Cardinal sin of marketing

Home Columns Cardinal sin of marketing

 by Jim Armstrong

Recently I was having a terrible time falling asleep, and after a week of insomnia I went to my doctor to get help.

“Doctor, I’ve tried sleeping pills, reading, watching the Weather Channel, counting rolls of carpet—nothing works,” I told him, desperation in my voice. “I’ve barely slept in seven days. Can you help me?”

He stroked his chin and gazed out the window, as if struggling to make a decision. Finally he said, “I can prescribe a treatment that will virtually guarantee you will fall asleep. But,” as he held up a cautionary finger, “I only use it in extreme cases, and must warn you to be very careful. Do not drive and make sure you are lying down because this treatment works almost instantly.”

“I’ll try anything; what is it?”

He opened a drawer and handed me an envelope. “Remember, be careful.”

I opened the envelope and began pulling out what turned out to be advertisements for flooring. As I thumbed through the ads I felt my eyes grow heavy; my head swam and then suddenly everything went dark.

The sharp odor of smelling salts jolted me awake, and the next thing I knew the doctor was helping me off the floor.

“What happened?” I asked.

“You fell asleep,” he replied. “A long time ago I discovered most flooring ads are an excellent cure for insomnia.”

“Why?” I asked.

“Because they’re so boring,” he replied. “C-SPAN can seem like a Bruce Willis action movie by comparison.”

“Thank you, doctor,” I said, throwing my arms around him, tears of gratitude filling my eyes.

What a relief to have a guaranteed cure for my insomnia. However, because my business is helping flooring dealers increase the size of their bank accounts through effective marketing, I couldn’t help but be alarmed so many are throwing away their money on ads and websites that put their prospects to sleep.

I knew it was my responibility to take action, which is why I’m writing this article.

The cardinal sin of advertising is being boring. If your ads are boring, then they won’t hold your prospects’ attention and compel them to take the desired action.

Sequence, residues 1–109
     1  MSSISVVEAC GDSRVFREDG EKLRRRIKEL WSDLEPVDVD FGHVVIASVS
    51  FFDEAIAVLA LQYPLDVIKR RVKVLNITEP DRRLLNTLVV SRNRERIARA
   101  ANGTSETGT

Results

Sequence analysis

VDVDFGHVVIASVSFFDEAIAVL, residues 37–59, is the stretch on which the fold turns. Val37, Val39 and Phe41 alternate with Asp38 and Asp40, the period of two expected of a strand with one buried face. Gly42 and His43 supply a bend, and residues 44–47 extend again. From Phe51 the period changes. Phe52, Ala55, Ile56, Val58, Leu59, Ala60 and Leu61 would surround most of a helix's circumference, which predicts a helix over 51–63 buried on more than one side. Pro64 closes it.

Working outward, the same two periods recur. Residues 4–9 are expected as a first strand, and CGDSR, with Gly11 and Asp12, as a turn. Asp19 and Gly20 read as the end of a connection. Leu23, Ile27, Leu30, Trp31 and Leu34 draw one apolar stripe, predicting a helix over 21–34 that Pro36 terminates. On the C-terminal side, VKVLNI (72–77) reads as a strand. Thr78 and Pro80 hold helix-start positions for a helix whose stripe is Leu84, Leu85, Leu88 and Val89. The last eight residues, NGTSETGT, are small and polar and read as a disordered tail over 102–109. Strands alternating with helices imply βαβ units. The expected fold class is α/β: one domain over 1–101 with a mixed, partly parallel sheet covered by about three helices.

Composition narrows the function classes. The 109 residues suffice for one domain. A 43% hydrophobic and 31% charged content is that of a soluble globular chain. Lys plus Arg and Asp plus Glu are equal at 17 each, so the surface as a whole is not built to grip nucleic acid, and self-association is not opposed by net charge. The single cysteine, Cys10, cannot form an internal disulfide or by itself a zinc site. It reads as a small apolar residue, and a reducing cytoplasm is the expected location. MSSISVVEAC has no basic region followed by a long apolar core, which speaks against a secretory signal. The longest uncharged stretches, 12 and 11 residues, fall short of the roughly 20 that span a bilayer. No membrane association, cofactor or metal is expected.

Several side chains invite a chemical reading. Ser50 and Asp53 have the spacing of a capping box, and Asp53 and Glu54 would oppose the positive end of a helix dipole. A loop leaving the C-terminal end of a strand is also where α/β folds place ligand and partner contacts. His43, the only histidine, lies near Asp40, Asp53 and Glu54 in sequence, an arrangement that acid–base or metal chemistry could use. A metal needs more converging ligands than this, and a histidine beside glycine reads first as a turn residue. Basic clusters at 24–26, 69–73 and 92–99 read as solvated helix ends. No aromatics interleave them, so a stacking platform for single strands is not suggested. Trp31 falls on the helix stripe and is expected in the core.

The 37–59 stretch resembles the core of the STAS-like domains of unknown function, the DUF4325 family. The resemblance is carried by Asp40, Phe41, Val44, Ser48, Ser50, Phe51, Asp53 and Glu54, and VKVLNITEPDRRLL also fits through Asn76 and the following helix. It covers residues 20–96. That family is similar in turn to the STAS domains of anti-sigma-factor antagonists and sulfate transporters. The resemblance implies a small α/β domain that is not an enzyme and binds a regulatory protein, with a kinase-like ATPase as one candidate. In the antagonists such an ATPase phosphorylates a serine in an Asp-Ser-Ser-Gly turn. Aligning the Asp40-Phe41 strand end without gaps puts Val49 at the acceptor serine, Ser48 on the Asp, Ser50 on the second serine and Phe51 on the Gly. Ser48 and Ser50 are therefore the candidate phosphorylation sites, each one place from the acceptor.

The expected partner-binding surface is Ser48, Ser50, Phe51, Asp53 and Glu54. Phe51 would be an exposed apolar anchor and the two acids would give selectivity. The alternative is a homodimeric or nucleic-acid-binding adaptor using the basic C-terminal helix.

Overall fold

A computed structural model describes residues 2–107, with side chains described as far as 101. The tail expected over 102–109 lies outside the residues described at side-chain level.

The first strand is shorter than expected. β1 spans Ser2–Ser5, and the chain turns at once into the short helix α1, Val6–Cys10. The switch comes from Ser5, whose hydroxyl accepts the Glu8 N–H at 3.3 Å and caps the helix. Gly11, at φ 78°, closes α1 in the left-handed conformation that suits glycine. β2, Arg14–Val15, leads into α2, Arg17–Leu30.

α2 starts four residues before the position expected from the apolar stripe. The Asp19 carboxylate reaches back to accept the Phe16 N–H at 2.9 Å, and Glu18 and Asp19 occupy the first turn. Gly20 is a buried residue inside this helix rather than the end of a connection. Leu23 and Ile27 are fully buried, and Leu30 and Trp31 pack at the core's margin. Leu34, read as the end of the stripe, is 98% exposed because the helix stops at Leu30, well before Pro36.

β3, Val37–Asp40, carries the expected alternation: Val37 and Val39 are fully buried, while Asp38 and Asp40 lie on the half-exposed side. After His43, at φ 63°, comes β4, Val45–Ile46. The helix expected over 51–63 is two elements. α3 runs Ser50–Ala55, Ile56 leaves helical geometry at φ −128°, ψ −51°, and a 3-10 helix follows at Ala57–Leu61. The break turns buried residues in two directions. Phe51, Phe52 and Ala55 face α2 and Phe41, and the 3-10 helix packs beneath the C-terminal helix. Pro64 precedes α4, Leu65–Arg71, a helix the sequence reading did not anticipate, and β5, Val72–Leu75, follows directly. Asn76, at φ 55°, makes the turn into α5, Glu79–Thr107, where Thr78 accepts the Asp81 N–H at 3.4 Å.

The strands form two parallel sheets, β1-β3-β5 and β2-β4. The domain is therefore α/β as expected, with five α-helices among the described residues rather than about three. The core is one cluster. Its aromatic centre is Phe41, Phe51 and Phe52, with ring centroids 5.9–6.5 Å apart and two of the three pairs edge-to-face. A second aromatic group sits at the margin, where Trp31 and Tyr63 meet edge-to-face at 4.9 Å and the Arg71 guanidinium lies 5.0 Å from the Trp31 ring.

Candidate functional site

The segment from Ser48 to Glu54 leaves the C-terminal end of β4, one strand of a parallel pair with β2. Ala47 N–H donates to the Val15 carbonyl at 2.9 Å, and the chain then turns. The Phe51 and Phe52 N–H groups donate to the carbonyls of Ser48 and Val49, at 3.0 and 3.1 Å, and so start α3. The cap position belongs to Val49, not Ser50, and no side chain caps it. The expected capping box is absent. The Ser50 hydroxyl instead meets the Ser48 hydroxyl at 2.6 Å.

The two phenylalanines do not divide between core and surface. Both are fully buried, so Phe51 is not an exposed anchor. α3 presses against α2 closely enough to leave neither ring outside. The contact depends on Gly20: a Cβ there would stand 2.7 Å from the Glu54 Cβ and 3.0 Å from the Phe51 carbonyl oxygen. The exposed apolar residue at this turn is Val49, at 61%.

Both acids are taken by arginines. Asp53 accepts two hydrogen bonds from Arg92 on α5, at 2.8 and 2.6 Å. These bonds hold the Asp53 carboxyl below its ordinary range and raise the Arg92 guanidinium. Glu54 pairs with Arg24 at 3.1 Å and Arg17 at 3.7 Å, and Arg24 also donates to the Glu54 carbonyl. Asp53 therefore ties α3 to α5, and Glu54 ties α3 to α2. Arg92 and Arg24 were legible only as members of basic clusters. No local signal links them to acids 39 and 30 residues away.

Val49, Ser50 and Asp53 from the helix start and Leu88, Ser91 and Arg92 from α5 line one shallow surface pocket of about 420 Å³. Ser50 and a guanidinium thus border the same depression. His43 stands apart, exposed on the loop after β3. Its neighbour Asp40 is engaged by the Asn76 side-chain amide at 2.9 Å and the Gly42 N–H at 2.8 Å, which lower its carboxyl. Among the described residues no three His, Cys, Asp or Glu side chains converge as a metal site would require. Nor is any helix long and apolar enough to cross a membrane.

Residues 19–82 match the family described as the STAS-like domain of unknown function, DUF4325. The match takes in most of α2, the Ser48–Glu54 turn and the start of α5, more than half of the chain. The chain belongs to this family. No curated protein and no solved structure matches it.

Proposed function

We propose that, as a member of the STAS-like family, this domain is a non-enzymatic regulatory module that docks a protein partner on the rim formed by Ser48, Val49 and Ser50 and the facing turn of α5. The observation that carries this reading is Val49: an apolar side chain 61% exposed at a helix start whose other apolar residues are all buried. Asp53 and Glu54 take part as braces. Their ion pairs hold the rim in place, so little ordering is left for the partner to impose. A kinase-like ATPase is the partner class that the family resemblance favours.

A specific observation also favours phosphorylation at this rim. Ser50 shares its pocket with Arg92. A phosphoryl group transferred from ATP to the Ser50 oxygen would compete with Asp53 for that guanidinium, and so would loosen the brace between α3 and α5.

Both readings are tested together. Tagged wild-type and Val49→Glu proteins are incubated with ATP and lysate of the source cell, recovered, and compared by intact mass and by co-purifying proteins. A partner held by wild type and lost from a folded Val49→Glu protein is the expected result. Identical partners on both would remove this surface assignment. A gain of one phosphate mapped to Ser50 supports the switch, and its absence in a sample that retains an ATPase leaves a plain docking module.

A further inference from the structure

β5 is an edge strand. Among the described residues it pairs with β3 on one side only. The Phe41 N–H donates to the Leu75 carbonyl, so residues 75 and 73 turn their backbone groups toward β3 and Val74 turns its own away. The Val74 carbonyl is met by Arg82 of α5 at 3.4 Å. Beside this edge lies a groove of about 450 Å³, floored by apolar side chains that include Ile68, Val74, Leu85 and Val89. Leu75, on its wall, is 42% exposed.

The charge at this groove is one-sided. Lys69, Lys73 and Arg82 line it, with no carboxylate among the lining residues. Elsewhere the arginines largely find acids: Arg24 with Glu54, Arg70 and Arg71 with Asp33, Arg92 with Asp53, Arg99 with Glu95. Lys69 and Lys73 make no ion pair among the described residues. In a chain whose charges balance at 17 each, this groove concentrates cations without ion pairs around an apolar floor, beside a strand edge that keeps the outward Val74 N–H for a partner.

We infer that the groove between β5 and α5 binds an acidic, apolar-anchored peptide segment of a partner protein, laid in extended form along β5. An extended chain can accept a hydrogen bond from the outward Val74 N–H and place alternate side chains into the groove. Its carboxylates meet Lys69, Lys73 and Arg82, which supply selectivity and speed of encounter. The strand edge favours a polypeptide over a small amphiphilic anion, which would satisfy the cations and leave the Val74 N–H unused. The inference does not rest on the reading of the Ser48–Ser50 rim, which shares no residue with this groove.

There are some common ways dealers bore consumers with their ads and websites. First, many using ones that look the same as everyone else’s. Most dealers use the name, rank and serial number formula: business name at the top, a list of products (sometimes with teaser prices) and contact information. These ads and websites may have cosmetic differences (different colors, different graphics, etc.) but they mostly say the same thing and overall look similar.


They don’t answer the unspoken question on every prospect’s mind: Why should I do business with you versus every competitive option available to me, including doing nothing?

These methods contain no “unique selling proposition.” Instead, they mostly contain slogans, which are meaningless to the prospect. For instance: “Number One In Customer Satisfaction,” or “Serving the Tri-State Area For 267 Years,” or “We’ll Floor You With Our Service.” Zzzzzz.

Boring ads do not educate the prospect. The offers are weak, copycat, me-too proposals. You seldom see anything the consumer would find compelling, interesting, fun, different or engaging.

Here’s an exercise: Pull up your website and any ads you’ve run in the past six months. Using the list above as a gauge, would a prospect find your advertising compelling or boring?

Be honest; it’s your business and your ad dollars that are at stake. If your advertising is on the boring end of the spectrum—and you are courageous enough to admit it—then you can take meaningful action to correct this problem. If this describes you, then stay tuned.


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